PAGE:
To apply baking soda, you need to keep your hands at a safe distance to prevent burns. Pour directly from the container towards the source of the fire. If you haven’t disconnected the power, don’t touch the appliance when applying baking soda.

It’s a common misconception that you can use flour in place of baking soda. Do not do this, as it could make the flames worse.

Do note that this will only work for small fires. For larger fires, you should start with Step 3 or Step 4, depending on the size.

Orange And Yellow Flames

Step 3: Use a Fire Blanket

Fire blankets will further block oxygen from feeding the fire, so apply one as soon as possible if you have one available and it’s safe to do so. If you don’t have a fire blanket, use a thick blanket or item of clothing instead. Make sure the item is not made of flammable material, as this could make the fire worse.

Fire blankets are usually kept in protective packages. To use it correctly, you should:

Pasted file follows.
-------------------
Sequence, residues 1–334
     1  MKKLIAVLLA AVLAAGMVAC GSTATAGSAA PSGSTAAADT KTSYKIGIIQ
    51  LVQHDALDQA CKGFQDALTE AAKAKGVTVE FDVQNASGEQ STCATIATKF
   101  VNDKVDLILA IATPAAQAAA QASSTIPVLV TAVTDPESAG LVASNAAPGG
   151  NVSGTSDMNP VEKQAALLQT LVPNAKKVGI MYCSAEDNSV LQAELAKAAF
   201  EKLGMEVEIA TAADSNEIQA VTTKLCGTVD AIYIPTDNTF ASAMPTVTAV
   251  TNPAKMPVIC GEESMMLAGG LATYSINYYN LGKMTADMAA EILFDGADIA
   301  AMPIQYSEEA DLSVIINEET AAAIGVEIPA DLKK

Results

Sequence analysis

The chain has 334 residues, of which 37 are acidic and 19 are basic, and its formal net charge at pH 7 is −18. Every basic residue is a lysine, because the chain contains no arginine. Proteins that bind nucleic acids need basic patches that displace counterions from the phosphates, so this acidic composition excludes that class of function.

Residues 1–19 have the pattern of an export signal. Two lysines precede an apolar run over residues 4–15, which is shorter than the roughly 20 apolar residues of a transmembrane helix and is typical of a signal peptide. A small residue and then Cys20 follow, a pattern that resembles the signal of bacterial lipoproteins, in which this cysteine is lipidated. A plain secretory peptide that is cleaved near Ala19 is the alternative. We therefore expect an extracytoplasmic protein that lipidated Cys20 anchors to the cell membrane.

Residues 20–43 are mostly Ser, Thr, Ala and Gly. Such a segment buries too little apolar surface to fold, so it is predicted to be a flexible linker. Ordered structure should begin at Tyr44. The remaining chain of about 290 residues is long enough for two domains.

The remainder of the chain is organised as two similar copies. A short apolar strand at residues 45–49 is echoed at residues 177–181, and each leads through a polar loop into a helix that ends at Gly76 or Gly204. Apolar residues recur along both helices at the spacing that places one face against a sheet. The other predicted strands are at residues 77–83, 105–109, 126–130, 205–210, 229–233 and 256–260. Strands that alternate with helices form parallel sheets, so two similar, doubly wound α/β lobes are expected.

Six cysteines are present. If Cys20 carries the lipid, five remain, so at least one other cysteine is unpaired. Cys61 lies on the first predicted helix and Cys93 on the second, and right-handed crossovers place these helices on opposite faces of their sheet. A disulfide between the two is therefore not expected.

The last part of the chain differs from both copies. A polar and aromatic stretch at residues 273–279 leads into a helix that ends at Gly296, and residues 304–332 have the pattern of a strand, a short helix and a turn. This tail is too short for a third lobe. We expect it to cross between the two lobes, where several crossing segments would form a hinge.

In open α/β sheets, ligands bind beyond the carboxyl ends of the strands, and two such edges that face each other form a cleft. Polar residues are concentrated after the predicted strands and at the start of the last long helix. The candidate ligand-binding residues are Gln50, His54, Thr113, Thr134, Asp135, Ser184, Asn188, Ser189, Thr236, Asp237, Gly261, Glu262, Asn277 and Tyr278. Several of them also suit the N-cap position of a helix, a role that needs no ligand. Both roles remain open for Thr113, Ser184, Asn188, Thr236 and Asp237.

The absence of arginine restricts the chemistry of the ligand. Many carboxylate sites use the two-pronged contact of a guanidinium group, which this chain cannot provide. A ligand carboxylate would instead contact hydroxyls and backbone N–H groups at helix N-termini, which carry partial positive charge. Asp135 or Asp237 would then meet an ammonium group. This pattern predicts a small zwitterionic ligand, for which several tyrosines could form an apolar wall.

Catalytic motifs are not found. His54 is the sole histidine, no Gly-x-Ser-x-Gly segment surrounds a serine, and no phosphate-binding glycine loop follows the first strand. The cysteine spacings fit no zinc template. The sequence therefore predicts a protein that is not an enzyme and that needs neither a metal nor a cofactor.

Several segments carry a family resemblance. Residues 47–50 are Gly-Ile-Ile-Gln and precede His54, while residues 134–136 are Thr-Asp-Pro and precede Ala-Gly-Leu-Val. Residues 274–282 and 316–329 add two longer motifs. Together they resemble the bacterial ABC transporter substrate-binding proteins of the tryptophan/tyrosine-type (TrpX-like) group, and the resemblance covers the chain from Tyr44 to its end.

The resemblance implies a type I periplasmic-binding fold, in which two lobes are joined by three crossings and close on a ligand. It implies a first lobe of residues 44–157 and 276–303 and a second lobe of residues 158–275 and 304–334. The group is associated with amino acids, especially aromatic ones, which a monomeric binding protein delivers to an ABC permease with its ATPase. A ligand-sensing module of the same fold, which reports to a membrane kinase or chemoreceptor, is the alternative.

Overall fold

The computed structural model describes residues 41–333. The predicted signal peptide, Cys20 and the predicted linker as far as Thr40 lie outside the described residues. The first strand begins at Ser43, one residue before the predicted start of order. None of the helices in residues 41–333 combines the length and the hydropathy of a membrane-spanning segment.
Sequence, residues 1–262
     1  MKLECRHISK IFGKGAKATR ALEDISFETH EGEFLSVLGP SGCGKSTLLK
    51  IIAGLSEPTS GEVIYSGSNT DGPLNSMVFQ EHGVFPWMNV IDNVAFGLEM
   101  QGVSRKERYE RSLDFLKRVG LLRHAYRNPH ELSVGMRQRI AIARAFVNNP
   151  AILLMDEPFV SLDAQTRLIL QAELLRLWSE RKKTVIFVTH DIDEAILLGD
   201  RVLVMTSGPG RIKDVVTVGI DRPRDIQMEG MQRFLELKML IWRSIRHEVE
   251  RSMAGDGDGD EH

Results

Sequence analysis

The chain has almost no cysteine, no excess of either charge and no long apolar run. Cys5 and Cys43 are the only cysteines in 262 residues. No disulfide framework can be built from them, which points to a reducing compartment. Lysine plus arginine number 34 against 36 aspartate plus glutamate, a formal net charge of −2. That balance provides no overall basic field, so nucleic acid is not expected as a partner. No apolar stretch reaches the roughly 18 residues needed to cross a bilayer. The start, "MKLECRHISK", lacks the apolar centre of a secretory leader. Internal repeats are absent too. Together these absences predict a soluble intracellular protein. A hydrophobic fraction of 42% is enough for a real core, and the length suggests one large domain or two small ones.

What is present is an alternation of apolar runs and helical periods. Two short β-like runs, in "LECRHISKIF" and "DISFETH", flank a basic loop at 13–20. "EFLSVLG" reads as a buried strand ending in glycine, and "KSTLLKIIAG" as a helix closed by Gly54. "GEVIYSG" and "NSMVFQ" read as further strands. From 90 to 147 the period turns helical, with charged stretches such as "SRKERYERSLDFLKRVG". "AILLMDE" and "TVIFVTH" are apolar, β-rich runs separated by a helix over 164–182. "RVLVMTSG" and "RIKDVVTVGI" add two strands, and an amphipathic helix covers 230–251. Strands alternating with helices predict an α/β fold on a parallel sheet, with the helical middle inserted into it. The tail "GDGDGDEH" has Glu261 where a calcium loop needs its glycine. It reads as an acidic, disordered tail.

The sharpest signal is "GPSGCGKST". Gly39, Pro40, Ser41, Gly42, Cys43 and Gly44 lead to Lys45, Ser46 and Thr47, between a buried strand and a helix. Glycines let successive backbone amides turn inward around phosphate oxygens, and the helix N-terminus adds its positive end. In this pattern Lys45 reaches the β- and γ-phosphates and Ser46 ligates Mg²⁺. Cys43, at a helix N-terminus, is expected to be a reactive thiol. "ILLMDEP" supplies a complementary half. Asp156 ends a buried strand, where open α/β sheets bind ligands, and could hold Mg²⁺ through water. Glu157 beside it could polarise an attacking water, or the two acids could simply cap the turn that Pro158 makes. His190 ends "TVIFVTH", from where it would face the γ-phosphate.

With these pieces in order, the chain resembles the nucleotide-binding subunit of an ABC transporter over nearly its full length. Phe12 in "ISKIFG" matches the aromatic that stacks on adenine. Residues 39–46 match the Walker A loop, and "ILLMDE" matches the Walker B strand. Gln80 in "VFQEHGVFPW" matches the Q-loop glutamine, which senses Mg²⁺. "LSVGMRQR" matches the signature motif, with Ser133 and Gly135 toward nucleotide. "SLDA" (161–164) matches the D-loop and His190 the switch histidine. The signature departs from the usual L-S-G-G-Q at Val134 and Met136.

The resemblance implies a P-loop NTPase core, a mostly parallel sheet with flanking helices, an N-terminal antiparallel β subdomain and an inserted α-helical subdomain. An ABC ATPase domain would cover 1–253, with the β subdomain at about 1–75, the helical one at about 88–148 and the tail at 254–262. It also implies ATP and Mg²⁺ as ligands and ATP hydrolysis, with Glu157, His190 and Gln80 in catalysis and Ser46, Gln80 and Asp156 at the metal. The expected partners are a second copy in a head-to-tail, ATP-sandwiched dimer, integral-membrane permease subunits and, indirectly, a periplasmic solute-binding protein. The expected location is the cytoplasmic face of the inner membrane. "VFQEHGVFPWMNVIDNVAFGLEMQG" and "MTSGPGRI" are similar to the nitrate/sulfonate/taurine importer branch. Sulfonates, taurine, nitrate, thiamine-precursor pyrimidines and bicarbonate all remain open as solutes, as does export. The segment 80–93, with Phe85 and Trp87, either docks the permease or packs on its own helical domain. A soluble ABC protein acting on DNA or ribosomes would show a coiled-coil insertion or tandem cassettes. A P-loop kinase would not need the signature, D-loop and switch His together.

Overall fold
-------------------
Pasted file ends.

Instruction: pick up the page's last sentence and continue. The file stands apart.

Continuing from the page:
• Pull the tabs at the bottom of the packet to remove the blanket.
  • Protect your hands by rolling the corners of the blanket over them before you approach the flames.
  • Place the blanket gently over the flames. Do not throw or shake the blanket, as this could feed oxygen to the flames.
  • Leave the blanket in place for a minimum of 15 minutes. Do not touch it during this time.

Step 4: Spray the Fire with a Class C Extinguisher

Electrical fires are Class C fires, so make sure you use the right extinguisher (Class C). However, the majority of residential extinguishers are multipurpose. These are usually labeled ‘ABC’ and will work for an electrical fire. You must check your extinguisher is appropriate before using it on an electrical fire.